In this situation of constant, agonizing hunger, everyone just tried to get additional food, sometimes even by questionable means:
“I often ate the remains out of the dishes of the old men, who could not manage to finish the whole ration they got, or who were to weak to eat at all. If you wanted these remains you had to eat very fast, and I know how to eat quickly. Today I despise myself for that; but who cared at that time? It was a question of filling one’s stomach.”
The worst punishment which could be inflicted to the inmates, therefore, was when a prisoner had to keep standing at the camp gate after the evening roll-call, for as a result he would miss the evening soup and have to go to bed hungry. The penalty was imposed for minor offenses against the camp regulations.
Major violations of the rules were punished with beatings over a trestle where the victim received 25 or more blows on the backside. Even though the brutal act was performed in the isolated area of the camp’s prison [see #5 in the aerial photo above or follow link], the SS terrorized the whole camp by it. Before starting, the SS closed off the way to the prison.
“The first time I did not know what this meant, but I saw how old inhabitants of the Country of Numbers turned pale under their skin when this happened. Later, I think, I also turned pale …”.
Nassau now knew that a punishment was to be executed.
“We could, of course, not see how it was done, but we heard it. This was worse. As soon as the path was completely blocked off, we began to wait for the first sound of the whip. Then we started counting, each one for himself, first up to ten, to twelve, to fifteen, to twenty. Even up to fifty lashes we had to count sometimes. And there was no other sound in the whole camp. You just heard the whip falling on human flesh, you seem to see with all your mind how the man flinches under each impact, yet he does not utter a sound. First we grew pale with rage and fear; but the food they fed us left us without strength or with just enough to keep us going, but none for unnecessary emotions.”
Nassau’s report vividly shows how all the prisoners suffered vicariously with the victim. Still, the daily struggle for survival in the camp left them with little strength for compassion.
From 14 November 1938 on, every day a certain number of men imprisoned after the pogrom were released – at first elderly or handicapped, then veterans from World War I, then others. Daily at the morning roll-call some 100-150 prisoners’ numbers were announced, causing the remaining Jewish inmates to again and again set up theories on the system behind the releases.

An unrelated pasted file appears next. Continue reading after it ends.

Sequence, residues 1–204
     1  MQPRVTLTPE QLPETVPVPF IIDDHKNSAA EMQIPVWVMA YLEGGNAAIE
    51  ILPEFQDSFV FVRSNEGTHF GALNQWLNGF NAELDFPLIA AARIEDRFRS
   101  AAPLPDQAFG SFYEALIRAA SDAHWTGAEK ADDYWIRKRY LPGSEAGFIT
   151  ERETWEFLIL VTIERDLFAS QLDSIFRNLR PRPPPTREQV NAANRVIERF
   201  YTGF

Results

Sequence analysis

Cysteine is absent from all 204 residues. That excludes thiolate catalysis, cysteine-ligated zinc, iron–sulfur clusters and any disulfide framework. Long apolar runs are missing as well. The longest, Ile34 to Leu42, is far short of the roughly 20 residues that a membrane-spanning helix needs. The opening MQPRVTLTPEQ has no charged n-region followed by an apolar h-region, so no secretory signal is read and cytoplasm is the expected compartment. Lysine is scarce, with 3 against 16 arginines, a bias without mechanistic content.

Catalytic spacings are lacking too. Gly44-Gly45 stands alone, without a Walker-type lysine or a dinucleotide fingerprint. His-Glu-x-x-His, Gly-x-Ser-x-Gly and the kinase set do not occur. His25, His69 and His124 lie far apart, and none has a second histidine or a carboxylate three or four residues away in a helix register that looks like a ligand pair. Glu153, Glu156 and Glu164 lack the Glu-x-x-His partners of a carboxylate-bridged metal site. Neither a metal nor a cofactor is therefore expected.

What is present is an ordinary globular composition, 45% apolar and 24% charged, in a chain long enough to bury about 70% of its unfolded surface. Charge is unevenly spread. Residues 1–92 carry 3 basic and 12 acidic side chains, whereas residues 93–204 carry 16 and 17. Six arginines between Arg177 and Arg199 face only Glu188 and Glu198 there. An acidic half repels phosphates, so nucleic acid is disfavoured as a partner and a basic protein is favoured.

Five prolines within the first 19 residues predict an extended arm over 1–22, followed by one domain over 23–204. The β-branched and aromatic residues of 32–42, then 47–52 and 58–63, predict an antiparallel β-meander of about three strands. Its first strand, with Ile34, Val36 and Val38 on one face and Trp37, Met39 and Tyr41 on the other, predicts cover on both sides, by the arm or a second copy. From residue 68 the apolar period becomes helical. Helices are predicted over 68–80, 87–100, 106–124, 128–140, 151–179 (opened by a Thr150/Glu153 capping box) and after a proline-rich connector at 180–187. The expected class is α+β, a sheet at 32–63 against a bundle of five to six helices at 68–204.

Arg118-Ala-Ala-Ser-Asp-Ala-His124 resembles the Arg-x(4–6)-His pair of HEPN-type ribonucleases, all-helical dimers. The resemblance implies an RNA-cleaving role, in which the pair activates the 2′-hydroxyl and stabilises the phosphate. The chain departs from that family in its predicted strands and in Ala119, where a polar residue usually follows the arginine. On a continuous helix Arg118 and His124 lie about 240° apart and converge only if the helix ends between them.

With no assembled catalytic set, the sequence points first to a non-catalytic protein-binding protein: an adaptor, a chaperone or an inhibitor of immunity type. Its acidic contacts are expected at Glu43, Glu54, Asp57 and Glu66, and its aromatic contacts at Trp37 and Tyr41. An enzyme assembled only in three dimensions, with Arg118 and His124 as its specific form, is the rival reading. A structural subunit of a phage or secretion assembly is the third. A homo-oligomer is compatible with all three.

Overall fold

“Each day the form of releases proved this theory to be completely wrong. I think I listened to more than thirty theories in the thirty days I was resident in the Country of Numbers. My own release came in the end as something completely unexpected.”
Once his number had been called out during the daily announcement of the releases, Gerhard Nassau had to remain standing on the roll-call area after the morning roll-call had ended. Together with more than 200 fellow inmates, he had to wait for several hours until they were allowed to enter “Barrack B” to hand in their prisoners’ uniforms and get their own clothing and other belongings back.
“We got our purses and other valuables back and had to sign for it with our name. We no longer were numbers!”
Then they were taken to the gate and advised not to speak about their experiences in Sachsenhausen concentration camp in the outside world.
“After that we had to sign some papers: we signed that we left the camp in good health and that we would not tell what we had seen. We signed everything.”
Finally they were allowed to go.
“The gates of the Country of Numbers closed behind me and I was once again in the world where men have names and time goes on.”
Returning to Berlin, Gerhard Nassau found out that his parents had just left for Palestine. His father had already organised his emigration to Argentina through a medical colleague and friend. Gerardo, how he now called himself, lived in Argentina for several years; then left for Israel to be near his parents. He died in Haifa in 1997. His twin sister Gertrude emigrated to the UK in 1936 and also survived the Nazi period.
Sachsenhausen Memorial and Museum, Oranienburg (Germany)
In June 2017, I was an EHRI visiting research fellow at The Wiener Library in London. It was an important opportunity that gave me the chance to explore new archival sources in connection with my research project on “Inmate physicians in concentration camps”. In addition, I found many new sources on the Jewish men admitted to Sachsenhausen concentration camp after the November Pogrom in 1938. Many thanks to The Wiener Library staff for their precious and constant help during my fellowship, to Pete Sacker for granting me permission to use his uncle Gerardo’s memoir, and to Jessica Green (The Wiener Library) for her help editing/formatting this blog and photo visualisation.